Aim to ‘over-communicate’

When everyone is working remotely it can be easy for information to get lost, misinterpreted or forgotten.

Set expectations clearly and early and remind your colleagues about these expectations again as time passes. 

This not only applies to requirements like goals and deadlines, but also the team’s processes and schedule. Make sure everyone understands the difference between ‘when does it really matter that your team is available and online, versus when would it be okay for them to spontaneously walk their dog?’

Provide important information in multiple ways. For example, verbally in a meeting and then again in a follow-up email. Email the team something today, Slack them about it tomorrow, and then mention it in your morning catch-up the following day. 

This may feel like overkill, but it’s unlikely that information you only share once will be reliably processed by absolutely everyone. Share it again in another way.

Schedule regular meetings

Don’t go overboard with meetings, but factor in regular catch ups where you can, even if those meetings are for just 15 minutes every fortnight. 

This is not only an opportunity for you to remind your team of any key points that they need to keep front of mind, but should ideally provide a platform for your team to ask questions of you and of each other, and to raise any risks or concerns that may not have been discussed before. 

Keeping these meetings informal will help team members to feel comfortable bringing up small things that may not seem very important. Some of those things that may initially seem minor can end up being game-changers, either as opportunities or as issues or risks that you may not otherwise hear about.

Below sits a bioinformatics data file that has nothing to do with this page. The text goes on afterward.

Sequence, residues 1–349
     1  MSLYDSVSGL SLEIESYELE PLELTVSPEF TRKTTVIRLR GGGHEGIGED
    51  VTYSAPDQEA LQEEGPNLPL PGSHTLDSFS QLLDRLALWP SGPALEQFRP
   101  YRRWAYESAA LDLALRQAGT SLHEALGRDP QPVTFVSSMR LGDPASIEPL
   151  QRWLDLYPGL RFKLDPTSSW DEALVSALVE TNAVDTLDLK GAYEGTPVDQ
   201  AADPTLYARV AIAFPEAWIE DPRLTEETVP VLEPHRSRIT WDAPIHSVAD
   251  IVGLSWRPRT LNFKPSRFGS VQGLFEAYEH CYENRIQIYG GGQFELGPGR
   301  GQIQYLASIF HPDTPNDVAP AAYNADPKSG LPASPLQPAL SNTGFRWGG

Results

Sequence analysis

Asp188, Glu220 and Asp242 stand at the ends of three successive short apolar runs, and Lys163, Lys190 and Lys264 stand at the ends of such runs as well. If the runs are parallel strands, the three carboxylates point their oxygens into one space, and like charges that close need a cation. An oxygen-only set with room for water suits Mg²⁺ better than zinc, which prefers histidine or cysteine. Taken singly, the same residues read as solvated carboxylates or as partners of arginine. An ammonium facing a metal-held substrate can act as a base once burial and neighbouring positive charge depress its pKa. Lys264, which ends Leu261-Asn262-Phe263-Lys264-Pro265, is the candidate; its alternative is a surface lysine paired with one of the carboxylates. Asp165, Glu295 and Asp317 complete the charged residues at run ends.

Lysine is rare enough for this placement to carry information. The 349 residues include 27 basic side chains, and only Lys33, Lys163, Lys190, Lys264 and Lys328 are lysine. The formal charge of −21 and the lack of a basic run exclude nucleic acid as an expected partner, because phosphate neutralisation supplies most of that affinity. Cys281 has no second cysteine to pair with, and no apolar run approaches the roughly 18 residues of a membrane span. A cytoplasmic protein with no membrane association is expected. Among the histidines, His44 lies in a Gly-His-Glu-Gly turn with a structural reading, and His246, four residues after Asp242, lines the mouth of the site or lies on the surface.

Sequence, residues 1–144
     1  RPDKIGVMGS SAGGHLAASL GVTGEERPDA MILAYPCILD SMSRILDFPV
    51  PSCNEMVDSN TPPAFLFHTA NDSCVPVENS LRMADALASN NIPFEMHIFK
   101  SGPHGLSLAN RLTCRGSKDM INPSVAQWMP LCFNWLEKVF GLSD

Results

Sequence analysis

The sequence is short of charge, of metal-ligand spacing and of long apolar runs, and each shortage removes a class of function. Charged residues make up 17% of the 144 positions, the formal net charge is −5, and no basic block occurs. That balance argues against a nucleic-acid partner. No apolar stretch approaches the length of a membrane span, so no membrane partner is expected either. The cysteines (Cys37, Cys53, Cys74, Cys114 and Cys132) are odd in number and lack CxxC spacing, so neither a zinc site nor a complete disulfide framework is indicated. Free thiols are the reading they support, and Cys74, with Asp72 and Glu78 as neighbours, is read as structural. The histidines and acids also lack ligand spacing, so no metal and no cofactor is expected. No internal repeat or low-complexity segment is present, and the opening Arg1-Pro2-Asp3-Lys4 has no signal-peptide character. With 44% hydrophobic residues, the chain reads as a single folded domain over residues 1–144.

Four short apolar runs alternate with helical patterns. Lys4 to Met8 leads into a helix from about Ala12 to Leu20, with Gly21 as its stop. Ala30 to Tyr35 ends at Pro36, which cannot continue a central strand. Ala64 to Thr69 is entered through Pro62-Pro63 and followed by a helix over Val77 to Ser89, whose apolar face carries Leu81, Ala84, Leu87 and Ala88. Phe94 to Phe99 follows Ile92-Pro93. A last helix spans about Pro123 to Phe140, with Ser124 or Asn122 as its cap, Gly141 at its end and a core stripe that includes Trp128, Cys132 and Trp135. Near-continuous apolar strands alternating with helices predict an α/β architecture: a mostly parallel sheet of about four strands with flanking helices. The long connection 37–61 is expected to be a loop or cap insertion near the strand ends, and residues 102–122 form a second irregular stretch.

Set your online status

Many online tools, such as Slack, allow you to set your online status to ‘sick’, ‘in a meeting’, ‘at lunch’, ‘on holiday’ and many other options. These statuses can help your colleagues to instantly understand whether you’re available or away from your desk, and when they might expect you to be back. This helps to set their expectations and allows them to potentially reach out to someone else if you are not contactable at that time.

Remain open to improvement

It’s more important than ever to ‘continuously improve’ when your organisation is largely remote. In addition to your own observations and ideas, make sure you are regularly seeking out feedback from your team. 

What is working well for them? What could be improved? Are they feeling satisfied with the current set-up or is it hindering them in some way? 

These topics can be discussed via regular retro workshops with your team (tools such as EasyRetro make this particularly smooth) or via a simple survey. You may want to consider making either of these feedback tools anonymous in order to make sure that you are receiving the most honest and useful responses.


Businesses everywhere are still getting used to this “new normal” of bringing together teams across locations. 

While remote workplaces have their own challenges, taking the time to regularly assess and implement effective communication techniques can make for a happier and more productive environment.

Ephiny Gale
Ephiny Gale

Ephiny has managed projects in the arts, education, and technology sectors for more than 9 years, with a speciality in iOS apps, Android apps, and website development. She also has a keen interest in writing fiction, reading, games, and psychology. Our in-house writer, you'll often find Ephiny penning various articles for our Calico News & Insights.